Golden Handcuffs: Disastrous management habits
A business owner’s actions impact the future of his company — both positively and negatively — in many different ways. Being on the lookout for common actions and trends that can lead to decline often allows us to turn things around before they can have too great of an impact on our businesses.
But we must be diligent, and we must be engaged. Mentally disengaging from your business, what I refer to as “checking out,” can have consequences all its own.
Checking out can happen deliberately such as when an owner starts a new business and leaves his original business to coast along on its own. It can also happen unintentionally such as when he’s pulled away for health or personal reasons. But more often than not, checking out happens very subtly, sometimes almost imperceptibly, over time.
Most of us are familiar with the term “golden handcuffs” as it applies to employees. Typically, it refers to compensation packages, benefits or other perks that are so generous they compel an employee to remain in his job even when he has thoughts of leaving. Rarely do we think about golden handcuffs as they apply to a business owner, but they do exist and are one of the more subtle forms of checking out.
As with so many other conditions we experience in business, golden handcuffs usually appear after our companies have begun to enjoy some measure of success. After all, when there’s little gold in the company treasury, there’s no extra to plate handcuffs.
When an owner is restrained by golden handcuffs, he may not realize it until he looks in the mirror (or at his financial statements) and sees how lethargic and bloated his company has become and how far his company has migrated from the lean, hungry days of its earlier years. When this takes place, the owner is faced with a decision. Does he embark on a training program to get the company back to its more athletic days, or does he settle instead for less-than-peak performance?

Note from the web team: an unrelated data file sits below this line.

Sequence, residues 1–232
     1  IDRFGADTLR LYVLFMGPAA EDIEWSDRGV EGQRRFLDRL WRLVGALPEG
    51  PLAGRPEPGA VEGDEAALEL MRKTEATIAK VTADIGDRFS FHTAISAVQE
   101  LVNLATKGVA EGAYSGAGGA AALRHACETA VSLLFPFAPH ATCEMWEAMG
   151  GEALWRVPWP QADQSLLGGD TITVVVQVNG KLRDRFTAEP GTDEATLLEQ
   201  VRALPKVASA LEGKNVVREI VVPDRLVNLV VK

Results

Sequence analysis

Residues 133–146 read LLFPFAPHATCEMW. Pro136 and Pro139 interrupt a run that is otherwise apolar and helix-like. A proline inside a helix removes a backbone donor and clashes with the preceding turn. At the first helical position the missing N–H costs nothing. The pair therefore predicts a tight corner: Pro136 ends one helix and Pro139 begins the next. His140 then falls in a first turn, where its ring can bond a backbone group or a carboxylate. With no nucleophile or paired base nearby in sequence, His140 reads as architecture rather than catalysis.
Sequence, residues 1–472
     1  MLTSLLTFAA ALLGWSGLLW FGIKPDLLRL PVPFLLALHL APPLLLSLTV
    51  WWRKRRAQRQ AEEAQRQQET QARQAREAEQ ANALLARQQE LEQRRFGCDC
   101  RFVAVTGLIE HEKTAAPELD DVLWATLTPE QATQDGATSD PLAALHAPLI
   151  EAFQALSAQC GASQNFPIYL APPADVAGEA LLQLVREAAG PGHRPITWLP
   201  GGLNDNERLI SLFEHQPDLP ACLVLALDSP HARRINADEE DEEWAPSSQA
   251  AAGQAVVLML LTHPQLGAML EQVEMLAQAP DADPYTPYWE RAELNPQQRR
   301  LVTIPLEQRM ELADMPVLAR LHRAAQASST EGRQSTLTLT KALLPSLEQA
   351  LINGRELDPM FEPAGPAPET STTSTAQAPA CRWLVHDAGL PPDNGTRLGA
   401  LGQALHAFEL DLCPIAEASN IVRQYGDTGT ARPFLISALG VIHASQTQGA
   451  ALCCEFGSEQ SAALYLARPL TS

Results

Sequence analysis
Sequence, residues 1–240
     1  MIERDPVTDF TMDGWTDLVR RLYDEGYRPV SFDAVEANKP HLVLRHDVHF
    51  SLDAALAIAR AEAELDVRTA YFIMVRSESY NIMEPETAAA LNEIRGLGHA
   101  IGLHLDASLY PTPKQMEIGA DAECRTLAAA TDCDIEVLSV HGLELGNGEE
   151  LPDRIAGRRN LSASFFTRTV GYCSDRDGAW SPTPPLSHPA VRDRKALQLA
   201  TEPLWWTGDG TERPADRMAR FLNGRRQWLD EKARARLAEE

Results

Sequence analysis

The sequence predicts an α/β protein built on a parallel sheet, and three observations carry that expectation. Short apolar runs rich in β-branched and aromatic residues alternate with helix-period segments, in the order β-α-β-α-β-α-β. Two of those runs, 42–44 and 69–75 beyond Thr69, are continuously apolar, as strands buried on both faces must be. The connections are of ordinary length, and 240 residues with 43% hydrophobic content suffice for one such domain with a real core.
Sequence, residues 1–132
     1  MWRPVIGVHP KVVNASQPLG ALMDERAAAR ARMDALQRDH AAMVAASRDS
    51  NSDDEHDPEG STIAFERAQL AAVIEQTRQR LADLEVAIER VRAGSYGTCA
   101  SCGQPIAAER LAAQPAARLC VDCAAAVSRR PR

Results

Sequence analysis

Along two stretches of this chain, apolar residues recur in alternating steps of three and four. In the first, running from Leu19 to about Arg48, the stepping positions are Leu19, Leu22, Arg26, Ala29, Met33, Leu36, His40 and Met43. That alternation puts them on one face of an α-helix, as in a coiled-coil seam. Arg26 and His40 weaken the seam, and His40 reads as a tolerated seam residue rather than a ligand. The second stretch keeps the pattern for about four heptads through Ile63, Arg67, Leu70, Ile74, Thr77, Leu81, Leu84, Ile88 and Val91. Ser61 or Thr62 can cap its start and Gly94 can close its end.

For most of us, a fitness program involves work — and frequently some pain — to get our bodies into the leaner, healthier state we were once in. It’s no different when we try to get our businesses back in line. Add to this the fact that it usually takes us longer to get back into shape than it took us to get out of shape, and it can become very difficult to embark on the program in the first place.
We begin to question ourselves about how badly we want to stretch out of our comfort zones and affect change in our businesses. Do we really want to make the tough calls with respect to mediocre performers in our companies? Are we willing to sell off some of the unnecessary assets (executive toys and perks) that bloat our companies and consume our cash? How badly do we want to leave the comfort of our own offices and visit our customers to see how they feel about the service our company is delivering?
While they might make us feel comfortable for a while, over time golden handcuffs exact a heavy toll on us and our companies — one decision at a time, one day at a time. This is why we want to be especially vigilant not to let them restrain our company’s growth and arrest our continued success.
Chuck Violand is the founder and principal of Violand Management Associates (VMA), the largest consulting company in the restoration and cleaning industries. Violand is a recognized industry leader for advising entrepreneurs on the unique challenges they face both personally and professionally. Through VMA, he works with business owners and companies to develop their people and their profits. Violand also serves on the board of directors for the Restoration Industry Association (RIA). To reach him, visit violand.com or call (800)360-3513.